treated postDEAR POLE BARN GURU: I am building an open car porch, the inside will be connected to another building and on the outside I planning on using 3 – 8 inch x 8 inch x 8 feet posts 12 feet apart. The open car porch area is 24ft x 24ft and the roof is 6 on 12 with 2 x 6 rafters and joists landing on the outside plate. What size footing will I need for each pole? JAY in MORGAN CITY

DEAR JAY: This is a question best answered by the Registered Professional Engineer who designed your building, as he or she will be able to do a complete analysis including soil bearing capacity, design wind speed and wind exposure. With columns only eight feet long, I am guessing you are planning on using wet set brackets into concrete piers https://www.hansenpolebuildings.com/2019/05/sturdi-wall-plus-concrete-brackets/. I would not be surprised to see piers up to three feet deep and two foot diameter in order to adequate resist uplift forces.

DEAR POLE BARN GURU: Are you aware of anyone ever building a “reverse barndominium”? Usually barndominiums are built shell (outside walls) first then the interior, but what about building entirely around an existing structure? I really want to buy this historic house built in 1861. It is currently gutted down to the dirt floors, needs a roof, garage, etc. Why not just enclose the whole thing and DIY the interior without dealing with the outside elements? The primary structure is 19’x38′, but the side structure is an additional 20′ (39′ total wide) with a 6/12 roof. The eave height is 15.5′ and about 20′ at the ridge. The basement is about 4′ deep. I could go 42′ wide with a structure and have the exterior posts completely outside of the current footprint. The lot is 60’x150′ and I’m looking at a 40×80-ish building with a second story.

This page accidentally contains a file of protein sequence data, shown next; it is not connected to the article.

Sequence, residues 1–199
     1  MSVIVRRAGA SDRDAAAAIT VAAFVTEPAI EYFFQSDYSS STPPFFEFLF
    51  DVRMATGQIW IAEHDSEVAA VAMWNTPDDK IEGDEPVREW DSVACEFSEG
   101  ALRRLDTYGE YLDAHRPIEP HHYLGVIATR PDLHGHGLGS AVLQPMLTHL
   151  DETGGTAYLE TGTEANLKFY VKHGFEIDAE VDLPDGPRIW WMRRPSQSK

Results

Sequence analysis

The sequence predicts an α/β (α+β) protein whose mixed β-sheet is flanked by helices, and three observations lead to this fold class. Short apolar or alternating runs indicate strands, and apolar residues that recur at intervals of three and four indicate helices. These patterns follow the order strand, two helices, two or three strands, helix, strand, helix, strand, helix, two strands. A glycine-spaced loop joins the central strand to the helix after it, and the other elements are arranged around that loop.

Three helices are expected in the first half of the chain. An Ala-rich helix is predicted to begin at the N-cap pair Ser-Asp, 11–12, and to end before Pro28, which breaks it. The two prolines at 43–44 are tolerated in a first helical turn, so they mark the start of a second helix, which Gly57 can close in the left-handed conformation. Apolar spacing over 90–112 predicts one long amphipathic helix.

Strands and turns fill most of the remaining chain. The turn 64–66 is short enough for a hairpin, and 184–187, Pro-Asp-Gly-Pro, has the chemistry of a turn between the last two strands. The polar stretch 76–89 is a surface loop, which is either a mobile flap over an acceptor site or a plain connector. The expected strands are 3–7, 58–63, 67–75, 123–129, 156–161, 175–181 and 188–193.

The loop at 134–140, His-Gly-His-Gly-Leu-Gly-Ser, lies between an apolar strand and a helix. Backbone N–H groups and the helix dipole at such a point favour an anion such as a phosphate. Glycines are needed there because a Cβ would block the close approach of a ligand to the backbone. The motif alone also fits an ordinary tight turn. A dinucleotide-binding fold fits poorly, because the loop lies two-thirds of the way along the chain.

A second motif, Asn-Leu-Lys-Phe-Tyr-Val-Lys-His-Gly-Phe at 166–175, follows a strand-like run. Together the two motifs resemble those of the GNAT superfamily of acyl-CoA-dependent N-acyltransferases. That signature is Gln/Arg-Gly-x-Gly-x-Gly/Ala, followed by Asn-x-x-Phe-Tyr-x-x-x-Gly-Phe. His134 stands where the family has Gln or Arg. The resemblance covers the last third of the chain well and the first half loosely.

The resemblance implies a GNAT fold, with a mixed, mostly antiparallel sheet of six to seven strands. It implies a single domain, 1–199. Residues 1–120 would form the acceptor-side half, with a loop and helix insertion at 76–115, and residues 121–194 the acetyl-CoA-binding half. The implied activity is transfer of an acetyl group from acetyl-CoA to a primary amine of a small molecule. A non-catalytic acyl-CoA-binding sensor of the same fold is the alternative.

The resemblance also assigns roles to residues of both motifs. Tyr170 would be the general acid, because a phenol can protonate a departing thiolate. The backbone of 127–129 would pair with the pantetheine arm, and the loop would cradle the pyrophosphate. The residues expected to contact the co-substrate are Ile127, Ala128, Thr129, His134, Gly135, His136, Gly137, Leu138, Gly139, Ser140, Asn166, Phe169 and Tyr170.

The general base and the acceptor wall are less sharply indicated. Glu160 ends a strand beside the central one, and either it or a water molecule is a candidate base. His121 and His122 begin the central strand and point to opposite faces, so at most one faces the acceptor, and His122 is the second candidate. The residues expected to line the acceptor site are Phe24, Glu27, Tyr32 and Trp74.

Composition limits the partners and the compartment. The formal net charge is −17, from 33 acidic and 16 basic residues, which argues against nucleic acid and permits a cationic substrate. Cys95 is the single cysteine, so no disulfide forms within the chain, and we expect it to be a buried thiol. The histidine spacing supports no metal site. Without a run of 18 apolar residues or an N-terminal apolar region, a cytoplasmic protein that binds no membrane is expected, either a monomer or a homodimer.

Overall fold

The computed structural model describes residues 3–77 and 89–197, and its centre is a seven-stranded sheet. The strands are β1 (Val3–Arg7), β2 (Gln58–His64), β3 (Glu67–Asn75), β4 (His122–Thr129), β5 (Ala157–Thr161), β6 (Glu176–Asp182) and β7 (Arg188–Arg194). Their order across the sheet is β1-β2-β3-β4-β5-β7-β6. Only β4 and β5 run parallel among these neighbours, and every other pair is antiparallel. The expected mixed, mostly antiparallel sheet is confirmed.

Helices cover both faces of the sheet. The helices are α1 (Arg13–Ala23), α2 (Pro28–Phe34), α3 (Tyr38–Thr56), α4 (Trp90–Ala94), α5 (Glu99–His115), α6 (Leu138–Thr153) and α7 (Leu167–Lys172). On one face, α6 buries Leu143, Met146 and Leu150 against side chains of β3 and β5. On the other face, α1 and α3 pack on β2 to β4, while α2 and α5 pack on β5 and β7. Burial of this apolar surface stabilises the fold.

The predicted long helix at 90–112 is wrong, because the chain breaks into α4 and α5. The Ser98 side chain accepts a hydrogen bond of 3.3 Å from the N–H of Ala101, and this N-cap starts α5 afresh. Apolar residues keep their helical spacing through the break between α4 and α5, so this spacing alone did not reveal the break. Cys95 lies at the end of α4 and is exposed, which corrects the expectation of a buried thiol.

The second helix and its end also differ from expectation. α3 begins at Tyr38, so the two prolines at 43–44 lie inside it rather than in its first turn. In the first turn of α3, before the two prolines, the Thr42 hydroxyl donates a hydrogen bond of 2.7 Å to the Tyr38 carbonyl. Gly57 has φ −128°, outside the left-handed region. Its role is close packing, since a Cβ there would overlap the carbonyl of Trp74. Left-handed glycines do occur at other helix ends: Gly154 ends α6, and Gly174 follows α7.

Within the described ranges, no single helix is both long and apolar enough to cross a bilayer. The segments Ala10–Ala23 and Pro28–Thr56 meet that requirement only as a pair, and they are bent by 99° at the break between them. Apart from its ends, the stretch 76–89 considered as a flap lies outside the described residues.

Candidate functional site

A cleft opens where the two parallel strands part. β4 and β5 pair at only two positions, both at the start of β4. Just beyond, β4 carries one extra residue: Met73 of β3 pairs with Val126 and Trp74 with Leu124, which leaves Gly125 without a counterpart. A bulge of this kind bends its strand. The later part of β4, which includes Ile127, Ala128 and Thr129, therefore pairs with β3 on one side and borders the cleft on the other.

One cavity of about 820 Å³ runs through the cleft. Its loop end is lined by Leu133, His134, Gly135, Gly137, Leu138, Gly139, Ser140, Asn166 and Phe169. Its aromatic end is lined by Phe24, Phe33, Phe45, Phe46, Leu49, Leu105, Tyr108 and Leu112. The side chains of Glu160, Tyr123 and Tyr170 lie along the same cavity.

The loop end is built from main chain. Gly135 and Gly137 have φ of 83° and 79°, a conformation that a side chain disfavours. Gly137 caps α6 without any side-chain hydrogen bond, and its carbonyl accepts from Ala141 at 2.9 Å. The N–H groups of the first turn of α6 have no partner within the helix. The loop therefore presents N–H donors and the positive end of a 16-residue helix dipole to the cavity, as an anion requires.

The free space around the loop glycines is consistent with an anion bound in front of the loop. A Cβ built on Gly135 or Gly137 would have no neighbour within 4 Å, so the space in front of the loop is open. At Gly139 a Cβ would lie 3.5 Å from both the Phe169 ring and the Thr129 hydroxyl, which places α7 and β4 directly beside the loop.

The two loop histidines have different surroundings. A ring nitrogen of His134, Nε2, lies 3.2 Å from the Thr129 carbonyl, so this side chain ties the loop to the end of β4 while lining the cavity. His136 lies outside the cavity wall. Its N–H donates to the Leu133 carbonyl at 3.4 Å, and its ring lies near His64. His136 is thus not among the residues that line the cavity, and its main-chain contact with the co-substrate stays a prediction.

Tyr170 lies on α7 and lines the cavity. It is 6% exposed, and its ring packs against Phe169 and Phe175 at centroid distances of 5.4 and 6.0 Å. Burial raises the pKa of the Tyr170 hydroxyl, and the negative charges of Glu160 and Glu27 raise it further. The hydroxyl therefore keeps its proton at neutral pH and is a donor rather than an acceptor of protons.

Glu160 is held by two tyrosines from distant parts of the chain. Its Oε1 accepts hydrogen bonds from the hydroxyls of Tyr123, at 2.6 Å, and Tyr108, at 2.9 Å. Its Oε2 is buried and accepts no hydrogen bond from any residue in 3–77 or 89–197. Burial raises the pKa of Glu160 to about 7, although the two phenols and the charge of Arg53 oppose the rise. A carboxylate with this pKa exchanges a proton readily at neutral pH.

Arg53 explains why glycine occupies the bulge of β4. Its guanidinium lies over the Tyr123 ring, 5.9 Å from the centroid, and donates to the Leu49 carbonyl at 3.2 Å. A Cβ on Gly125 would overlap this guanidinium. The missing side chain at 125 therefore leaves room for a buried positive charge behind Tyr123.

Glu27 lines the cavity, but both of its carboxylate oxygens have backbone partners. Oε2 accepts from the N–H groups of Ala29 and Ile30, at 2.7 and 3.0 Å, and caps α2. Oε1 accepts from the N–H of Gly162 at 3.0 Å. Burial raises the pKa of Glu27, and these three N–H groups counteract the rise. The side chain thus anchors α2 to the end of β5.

Is this feasible or have I succumb to the Dunning-Kruger Effect? I have attached an image of my sketchup drawing to give a better idea of my concept.

Thank you great guru. I love your philosophy and transparency throughout your blog posts. I have learned a lot at the cost of otherwise being productive at work. JAMES in WESTON

DEAR JAMES: Thank you very much for your kind words, although I am not as certain your employer would be as happy with me 🙂

Perhaps surprisingly, you would be far from the first person to attempt such a project. Is is entirely doable and actually becomes very similar to what people do with a PEMB (Pre-engineered metal building aka red iron) or a weld up barndominium, where a shell is erected and a building is built inside of a building. You just happen to have your insides prebuilt!

Outside of my loyal readers, most have never heard of the Dunning-Kruger Effect (https://www.hansenpolebuildings.com/2015/01/dunning-kruger-effect/)

 

DEAR POLE BARN GURU: I’m interested in a residential building approximately 20ft x 30ft. How tall would the walls need to be to include a loft bedroom with headspace to approximately 4ft from the sides? JUDE in DUPONT

DEAR JUDE: I will answer your question from a standpoint of you getting best value for your investment – meaning using both floors from wall to wall.

Assuming a concrete slab-on-grade for main level, bottom of framed ceiling would be at 8′ 4-5/8″ this allows for 5/8″ drywall on ceiling and 1/2″ at bottom to be able to account for any variances in your building slab and to keep drywall from soaking up moisture from floor, plus 3-1/2″ for actual thickness of a nominal four inch thick slab.